Many blogs — including this one — end each post with a call-to-action that leads to a landing page.
But the question is … are readers noticing your blog’s CTAs?
The problem with static CTAs at the bottom of each blog post is that after a while, visitors learn to tune them out. This isn’t only a problem with your repeat visitors, either — since so many blogs implement this tactic, even your new visitors might be ignoring your “additional content” or “recommended next steps.”
To combat this, some blogs have started to implement something called a slide-in CTA. Ideally, this CTA will enter the screen below your sidebar content so it doesn’t cover it. If you don’t have a sidebar, it’ll simply slip right in on the right side once it’s triggered.
Pretty cool, right? If you’re interested in testing out this type of CTA on your blog, we’ll walk you through the instructions below. But first, let’s explore some numbers …
Do These Slide-In CTAs Actually Work?
When we first implemented slide-in CTAs on our blog, we decided to run some tests to find out if they we’re actually working.
Over the course of a month, we ran a test where we added these slide-in CTAs to ten of HubSpot’s highest-trafficked blog posts. We compared the slide-in CTA vs. the static CTA at the bottom of each post and looked at three data points:
- Clickthrough rate (CTR) – What percentage of blog post visitors clicked each CTA?
- Conversion rate (CVR) – What percentage of the people who clicked ultimately converted on the landing page form?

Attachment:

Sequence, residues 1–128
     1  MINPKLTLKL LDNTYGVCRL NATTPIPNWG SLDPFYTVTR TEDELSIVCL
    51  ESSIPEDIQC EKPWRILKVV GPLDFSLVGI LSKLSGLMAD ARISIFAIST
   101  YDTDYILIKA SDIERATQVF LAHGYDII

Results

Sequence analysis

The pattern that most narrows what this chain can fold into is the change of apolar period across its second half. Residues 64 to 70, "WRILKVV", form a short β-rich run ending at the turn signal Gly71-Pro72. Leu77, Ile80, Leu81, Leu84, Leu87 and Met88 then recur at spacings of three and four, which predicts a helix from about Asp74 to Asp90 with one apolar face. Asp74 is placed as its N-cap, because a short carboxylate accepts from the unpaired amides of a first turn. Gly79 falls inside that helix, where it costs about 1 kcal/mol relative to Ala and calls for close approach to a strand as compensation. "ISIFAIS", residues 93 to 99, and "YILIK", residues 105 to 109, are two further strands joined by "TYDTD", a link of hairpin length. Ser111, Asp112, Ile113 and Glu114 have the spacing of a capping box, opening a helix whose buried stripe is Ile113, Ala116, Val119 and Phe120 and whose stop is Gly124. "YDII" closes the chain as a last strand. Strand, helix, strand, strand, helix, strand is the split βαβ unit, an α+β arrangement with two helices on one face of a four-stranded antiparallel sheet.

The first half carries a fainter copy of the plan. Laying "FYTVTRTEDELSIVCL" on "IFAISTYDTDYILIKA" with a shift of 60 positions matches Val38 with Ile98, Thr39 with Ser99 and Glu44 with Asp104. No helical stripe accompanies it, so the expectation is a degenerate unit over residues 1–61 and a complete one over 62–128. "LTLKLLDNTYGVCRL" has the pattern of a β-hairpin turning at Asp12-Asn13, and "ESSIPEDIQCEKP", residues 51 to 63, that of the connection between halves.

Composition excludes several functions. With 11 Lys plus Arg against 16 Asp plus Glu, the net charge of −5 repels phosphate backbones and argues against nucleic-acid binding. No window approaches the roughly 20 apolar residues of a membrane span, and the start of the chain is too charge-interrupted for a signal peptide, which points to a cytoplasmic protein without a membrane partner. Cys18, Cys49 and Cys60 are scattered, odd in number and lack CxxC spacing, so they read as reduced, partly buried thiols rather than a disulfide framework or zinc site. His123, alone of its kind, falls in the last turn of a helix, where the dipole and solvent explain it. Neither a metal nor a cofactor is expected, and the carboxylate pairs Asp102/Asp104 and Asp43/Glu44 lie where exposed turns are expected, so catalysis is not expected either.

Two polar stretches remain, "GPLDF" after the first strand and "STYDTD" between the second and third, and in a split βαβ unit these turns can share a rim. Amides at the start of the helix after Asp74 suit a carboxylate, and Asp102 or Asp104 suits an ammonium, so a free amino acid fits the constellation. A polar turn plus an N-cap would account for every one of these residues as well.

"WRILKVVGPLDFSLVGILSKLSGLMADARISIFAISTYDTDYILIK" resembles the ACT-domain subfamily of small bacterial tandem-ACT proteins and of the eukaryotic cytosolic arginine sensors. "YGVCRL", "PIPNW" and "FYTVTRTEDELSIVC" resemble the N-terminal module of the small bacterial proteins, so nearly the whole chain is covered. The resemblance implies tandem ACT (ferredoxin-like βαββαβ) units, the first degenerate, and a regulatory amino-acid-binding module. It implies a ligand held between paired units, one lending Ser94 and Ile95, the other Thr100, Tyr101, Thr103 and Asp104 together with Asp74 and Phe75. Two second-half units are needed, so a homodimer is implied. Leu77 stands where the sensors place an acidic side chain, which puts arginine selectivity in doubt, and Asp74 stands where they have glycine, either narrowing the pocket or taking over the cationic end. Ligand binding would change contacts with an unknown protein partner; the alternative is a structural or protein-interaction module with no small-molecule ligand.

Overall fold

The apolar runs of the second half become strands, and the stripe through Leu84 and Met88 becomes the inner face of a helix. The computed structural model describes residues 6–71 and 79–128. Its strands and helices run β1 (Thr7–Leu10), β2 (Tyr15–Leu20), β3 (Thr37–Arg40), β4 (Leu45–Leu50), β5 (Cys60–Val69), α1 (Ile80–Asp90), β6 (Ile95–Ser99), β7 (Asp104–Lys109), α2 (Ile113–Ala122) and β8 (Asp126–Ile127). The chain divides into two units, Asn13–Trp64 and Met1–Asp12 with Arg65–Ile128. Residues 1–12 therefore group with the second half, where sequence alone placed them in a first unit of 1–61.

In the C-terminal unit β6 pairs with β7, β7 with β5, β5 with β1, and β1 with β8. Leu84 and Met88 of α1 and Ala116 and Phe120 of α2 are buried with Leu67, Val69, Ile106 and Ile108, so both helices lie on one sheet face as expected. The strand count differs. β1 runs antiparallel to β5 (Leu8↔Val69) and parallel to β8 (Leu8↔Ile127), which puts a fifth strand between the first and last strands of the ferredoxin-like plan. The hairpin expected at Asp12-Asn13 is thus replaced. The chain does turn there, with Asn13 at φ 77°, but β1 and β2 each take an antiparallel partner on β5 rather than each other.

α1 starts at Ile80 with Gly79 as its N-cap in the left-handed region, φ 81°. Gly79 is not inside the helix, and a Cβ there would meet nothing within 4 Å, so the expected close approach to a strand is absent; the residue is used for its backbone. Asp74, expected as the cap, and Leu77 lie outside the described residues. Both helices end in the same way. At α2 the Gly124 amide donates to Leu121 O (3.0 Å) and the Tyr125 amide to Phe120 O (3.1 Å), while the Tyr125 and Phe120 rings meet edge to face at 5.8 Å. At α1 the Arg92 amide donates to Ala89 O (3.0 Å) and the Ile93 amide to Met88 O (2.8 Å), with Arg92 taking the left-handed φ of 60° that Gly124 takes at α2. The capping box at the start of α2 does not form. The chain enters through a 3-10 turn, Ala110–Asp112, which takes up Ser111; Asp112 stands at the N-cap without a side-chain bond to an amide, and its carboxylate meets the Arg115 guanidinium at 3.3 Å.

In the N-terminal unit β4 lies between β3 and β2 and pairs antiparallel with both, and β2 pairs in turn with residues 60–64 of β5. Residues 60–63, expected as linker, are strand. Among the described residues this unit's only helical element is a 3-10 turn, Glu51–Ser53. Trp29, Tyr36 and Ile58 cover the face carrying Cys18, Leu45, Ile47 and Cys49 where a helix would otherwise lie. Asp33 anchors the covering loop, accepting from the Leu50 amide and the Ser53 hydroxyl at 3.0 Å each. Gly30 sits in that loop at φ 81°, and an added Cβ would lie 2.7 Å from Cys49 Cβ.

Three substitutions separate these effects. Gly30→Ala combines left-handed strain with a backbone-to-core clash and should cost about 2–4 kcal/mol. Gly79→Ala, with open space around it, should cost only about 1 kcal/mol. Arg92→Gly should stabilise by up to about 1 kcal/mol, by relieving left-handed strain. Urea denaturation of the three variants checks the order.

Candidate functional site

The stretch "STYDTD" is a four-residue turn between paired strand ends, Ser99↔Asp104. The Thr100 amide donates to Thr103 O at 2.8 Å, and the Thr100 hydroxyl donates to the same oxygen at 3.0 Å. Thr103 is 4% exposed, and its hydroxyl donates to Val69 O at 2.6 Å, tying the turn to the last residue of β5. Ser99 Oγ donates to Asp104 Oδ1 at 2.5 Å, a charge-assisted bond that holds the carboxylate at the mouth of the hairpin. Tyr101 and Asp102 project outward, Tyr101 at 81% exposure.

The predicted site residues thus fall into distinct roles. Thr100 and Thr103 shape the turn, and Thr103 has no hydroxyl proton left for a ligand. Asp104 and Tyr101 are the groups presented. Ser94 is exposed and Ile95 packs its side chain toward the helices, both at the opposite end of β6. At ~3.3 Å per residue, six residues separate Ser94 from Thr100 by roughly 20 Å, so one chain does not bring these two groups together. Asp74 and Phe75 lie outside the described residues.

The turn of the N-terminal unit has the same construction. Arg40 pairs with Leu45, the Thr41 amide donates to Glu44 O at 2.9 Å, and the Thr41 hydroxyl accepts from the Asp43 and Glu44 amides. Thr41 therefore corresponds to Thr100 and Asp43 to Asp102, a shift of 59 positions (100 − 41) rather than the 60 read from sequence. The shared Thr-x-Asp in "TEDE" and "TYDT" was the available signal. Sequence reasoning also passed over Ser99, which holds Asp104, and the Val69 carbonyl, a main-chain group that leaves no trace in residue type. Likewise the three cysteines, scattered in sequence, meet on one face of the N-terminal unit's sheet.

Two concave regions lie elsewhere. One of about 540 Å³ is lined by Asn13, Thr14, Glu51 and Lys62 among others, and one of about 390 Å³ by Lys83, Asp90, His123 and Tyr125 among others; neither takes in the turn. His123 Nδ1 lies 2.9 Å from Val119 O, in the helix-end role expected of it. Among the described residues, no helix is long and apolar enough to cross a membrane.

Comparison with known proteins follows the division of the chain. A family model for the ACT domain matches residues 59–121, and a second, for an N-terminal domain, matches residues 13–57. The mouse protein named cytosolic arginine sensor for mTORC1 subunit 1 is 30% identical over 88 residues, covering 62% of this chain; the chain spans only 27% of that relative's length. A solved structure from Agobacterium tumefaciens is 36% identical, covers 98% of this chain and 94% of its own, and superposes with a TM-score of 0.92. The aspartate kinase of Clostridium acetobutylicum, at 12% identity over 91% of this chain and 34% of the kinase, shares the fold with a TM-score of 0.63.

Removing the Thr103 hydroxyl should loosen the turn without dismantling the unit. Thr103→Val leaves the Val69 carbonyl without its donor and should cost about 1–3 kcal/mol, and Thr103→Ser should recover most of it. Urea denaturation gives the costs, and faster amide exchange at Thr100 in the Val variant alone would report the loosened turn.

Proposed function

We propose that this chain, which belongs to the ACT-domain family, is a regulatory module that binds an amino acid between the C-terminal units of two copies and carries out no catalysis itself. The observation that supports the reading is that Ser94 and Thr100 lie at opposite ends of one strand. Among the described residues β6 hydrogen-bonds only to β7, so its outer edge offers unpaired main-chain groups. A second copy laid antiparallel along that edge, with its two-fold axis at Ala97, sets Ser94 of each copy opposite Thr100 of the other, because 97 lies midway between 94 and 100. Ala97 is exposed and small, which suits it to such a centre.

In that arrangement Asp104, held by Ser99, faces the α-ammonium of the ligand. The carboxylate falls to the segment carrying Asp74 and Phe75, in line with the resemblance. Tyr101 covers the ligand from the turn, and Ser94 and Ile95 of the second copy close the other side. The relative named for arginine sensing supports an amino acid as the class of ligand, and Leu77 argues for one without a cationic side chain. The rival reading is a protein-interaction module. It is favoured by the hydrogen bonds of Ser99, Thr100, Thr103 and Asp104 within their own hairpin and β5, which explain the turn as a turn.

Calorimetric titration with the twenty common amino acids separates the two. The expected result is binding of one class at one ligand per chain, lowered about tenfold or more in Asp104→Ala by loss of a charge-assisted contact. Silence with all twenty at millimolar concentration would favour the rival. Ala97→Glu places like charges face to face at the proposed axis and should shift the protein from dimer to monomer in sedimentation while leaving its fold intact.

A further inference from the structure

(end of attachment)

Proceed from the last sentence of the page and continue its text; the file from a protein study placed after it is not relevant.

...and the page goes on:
- Submissions – How many leads did each CTA ultimately generate?
In this test, the slide-in CTA had a 192% higher CTR and generated 27% more submissions. The number of submissions actually wasn’t higher, because the CVR on the slide-in CTAs was lower than the static CTAs. But the volume of clicks was so great that it was worth compromising on CVR.
Keep in mind that the success rate of any CTA will have a lot to do with your specific audience, so we encourage you to run some tests of your own to determine if slide-in CTAs are the right fit for your blog.
How to Install Slide-In CTAs on Your Blog Using Leadin
To install these slide-in CTAs on your blog, you’ll need:
- A free Leadin account (sign up here).
If you don’t have access to #1, email this article to your webmaster so he or she can setup Leadin. You can do the rest.
1) Install Leadin on your website via the WordPress plugin or standalone web app.
First, go to Leadin and create your account.
If you have WordPress, you’ll be prompted to install the plugin by following these instructions.